That’s my generation and I loved Heckle and Jeckle. I even had two gal pals, who were sisters, that Pops called Heckle and Jeckle. I saw both at his funeral in December.

Here are some more Heckle and Jeckle cartoons, starting with this dubious subject matter from ’47:

Little Nemo In Slumberland ► Saturday Morning Cartoons

Click HERE for larger size

Little Nemo In Slumberland is not really a Saturday morning cartoon, but a weekly comic strip created by famed artist Winsor McCay, sometimes called The Father of American Animation.

If Nemo were his only creation, McCay would still go down in history. However, Zenas Winsor McCay was also the artist behind 1914’s Gertie the Dinosaur, considered the first example of true character animation. The WikiWackyWoo also tells us:

Although Gertie is popularly thought to be the earliest animated film, McCay had earlier made Little Nemo (1911) and How a Mosquito Operates (1912). The American J. Stuart Blackton and the French Émile Cohl had experimented with animation even earlier; Gertie being a character with an appealing personality distinguished McCay’s film from these earlier “trick films”. Gertie was the first film to use animation techniques such as keyframes, registration marks, tracing paper, the Mutoscope action viewer, and animation loops. It influenced the next generation of animators such as the Fleischer brothers, Otto Messmer, Paul Terry, and Walt Disney. John Randolph Bray unsuccessfully tried to patent many of McCay’s animation techniques and is said to have been behind a plagiarized version of Gertie that appeared a year or two after the original. Gertie is the best preserved of McCay’s films—some of which have been lost or survive only in fragments—and has been preserved in the US National Film Registry.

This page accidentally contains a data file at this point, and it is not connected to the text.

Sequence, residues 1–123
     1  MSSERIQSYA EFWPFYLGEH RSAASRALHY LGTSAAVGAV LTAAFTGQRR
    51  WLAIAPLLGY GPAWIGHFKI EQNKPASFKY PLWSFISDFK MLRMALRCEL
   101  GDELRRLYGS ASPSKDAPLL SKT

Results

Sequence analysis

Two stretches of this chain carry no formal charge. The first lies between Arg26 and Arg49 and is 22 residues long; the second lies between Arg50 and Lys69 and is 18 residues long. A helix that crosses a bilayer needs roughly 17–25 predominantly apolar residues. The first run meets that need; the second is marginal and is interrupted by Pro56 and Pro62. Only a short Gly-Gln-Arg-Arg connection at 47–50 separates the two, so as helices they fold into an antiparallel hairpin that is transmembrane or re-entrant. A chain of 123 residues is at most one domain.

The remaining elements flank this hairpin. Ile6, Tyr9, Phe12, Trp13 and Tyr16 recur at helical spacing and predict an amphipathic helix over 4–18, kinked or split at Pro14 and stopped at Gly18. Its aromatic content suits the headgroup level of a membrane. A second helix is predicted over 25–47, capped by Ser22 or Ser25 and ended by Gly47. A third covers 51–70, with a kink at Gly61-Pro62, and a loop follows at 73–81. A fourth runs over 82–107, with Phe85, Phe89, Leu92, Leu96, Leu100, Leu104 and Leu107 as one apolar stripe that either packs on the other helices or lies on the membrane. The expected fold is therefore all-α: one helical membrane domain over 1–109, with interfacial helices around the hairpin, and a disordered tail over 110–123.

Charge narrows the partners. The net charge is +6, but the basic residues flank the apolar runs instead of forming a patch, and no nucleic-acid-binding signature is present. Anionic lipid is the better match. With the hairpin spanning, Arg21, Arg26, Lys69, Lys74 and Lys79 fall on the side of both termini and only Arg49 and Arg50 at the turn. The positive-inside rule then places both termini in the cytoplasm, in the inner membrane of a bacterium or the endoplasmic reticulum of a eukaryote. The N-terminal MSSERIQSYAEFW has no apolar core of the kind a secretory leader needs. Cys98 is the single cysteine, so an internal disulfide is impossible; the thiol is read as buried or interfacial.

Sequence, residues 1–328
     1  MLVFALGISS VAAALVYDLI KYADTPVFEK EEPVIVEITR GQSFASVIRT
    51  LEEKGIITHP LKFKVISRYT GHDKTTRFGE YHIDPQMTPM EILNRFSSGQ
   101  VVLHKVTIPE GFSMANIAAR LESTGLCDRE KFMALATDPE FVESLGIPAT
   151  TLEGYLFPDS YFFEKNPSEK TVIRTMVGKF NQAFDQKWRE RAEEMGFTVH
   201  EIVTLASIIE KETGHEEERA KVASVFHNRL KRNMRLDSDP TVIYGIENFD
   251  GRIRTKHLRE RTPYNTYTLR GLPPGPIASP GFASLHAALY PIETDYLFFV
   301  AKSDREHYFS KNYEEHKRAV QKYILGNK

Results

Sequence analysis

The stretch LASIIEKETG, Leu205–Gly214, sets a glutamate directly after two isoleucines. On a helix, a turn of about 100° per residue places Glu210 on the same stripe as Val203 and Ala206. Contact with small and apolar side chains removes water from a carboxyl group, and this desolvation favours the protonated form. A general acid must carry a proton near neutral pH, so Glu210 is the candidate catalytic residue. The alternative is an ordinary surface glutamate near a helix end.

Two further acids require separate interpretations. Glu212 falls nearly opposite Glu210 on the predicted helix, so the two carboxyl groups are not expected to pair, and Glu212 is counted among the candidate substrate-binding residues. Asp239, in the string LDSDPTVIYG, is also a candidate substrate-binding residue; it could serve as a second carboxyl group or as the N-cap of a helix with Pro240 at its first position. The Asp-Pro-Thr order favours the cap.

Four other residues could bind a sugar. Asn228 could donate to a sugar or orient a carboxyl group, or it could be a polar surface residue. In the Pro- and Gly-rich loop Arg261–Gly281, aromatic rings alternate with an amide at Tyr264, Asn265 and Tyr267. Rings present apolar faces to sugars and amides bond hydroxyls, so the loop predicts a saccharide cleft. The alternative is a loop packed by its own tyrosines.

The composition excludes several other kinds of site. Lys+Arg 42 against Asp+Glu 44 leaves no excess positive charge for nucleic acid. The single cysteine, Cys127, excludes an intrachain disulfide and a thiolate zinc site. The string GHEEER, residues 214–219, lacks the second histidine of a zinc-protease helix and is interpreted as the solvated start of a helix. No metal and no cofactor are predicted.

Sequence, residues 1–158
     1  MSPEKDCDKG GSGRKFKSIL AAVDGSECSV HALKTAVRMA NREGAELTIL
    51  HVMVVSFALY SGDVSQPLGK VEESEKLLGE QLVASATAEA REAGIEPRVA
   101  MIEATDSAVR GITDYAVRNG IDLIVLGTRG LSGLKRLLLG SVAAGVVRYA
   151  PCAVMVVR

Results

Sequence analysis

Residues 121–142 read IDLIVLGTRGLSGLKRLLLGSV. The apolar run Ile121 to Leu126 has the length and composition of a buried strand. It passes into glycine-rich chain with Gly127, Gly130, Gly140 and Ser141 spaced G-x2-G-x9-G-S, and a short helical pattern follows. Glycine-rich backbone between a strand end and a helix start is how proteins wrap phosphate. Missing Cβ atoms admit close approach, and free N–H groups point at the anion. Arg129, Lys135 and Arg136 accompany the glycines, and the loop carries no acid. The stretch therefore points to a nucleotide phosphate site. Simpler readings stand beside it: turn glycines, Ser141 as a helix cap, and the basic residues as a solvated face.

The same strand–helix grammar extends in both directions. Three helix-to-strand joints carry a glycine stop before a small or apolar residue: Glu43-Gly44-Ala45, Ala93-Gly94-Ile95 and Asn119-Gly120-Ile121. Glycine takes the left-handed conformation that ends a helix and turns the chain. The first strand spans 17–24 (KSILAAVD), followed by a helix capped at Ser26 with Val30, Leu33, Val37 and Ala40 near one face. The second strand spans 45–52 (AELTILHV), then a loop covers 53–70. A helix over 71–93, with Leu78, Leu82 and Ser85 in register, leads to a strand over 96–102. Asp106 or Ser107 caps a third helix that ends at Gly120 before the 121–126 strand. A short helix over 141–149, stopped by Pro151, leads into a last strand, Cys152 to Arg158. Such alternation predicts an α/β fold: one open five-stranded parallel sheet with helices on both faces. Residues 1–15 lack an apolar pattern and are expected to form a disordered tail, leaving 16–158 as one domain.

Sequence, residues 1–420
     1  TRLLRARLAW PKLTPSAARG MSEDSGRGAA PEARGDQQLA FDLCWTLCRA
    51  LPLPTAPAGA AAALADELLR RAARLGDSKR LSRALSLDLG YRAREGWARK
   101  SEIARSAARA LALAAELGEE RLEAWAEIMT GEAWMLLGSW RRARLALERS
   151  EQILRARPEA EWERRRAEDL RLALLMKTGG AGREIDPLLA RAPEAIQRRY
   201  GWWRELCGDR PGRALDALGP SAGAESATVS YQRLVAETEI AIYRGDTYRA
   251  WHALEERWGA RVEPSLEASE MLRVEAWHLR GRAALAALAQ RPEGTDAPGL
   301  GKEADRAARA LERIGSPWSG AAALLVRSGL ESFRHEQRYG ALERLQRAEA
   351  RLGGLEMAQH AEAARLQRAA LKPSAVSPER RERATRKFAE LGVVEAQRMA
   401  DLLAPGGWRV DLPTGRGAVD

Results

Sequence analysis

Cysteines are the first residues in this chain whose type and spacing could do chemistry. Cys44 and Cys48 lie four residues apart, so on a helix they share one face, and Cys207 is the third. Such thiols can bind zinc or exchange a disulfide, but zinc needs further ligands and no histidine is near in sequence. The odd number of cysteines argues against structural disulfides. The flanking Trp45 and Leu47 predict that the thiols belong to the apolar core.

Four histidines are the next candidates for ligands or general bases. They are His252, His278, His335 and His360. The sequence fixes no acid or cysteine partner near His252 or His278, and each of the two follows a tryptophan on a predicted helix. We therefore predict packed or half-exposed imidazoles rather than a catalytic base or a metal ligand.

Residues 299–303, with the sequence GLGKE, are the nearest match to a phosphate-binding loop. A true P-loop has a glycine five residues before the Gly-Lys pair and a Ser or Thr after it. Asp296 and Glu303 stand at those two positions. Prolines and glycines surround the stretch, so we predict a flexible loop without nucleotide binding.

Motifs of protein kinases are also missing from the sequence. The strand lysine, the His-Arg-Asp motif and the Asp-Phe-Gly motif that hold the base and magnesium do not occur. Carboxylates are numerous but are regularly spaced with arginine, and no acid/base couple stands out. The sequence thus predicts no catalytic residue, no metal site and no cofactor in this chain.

Little Nemo began his life as a comic strip, running in the New York Herald from 1905 to 1911. Hired away by William Randolph Hearst — in an early dispute about Intellectual Property — the Herald won the rights to the Little Nemo name, but McCay was able to move the characters he created to the New York American, where they reappeared under the name “In the Land of Wonderful Dreams.”

McCay led a fascinating life. During his time with the Hearst papers, he also debuted a vaudeville act, where he would produce drawings at a rapid pace. He would also appear with his animated creation Gertie in an interactive show. A live McCay would command the animated figure, who would comply.

It was a box office hit in much simpler times.

Eventually, Gertie toured the country in the form seen above, without the live segments, using intertitles instead.

Hearst, who seemed to think he owned McCay, objected to his vaudeville career because he thought the strip suffered. When he couldn’t reach McCay because he was on stage, Hearst ordered his papers not to run advertising for the stage show. Eventually the artist was forced to limit his stage appearances and, in the end, Hearst got McCay off the stage almost completely. However, he also agreed to pay McCay more to make up for the loss of the box office income.

In the ’70s I became interested in comic strips that came before my time. Starting with what’s considered the Golden Age of Superheroes, I worked backwards.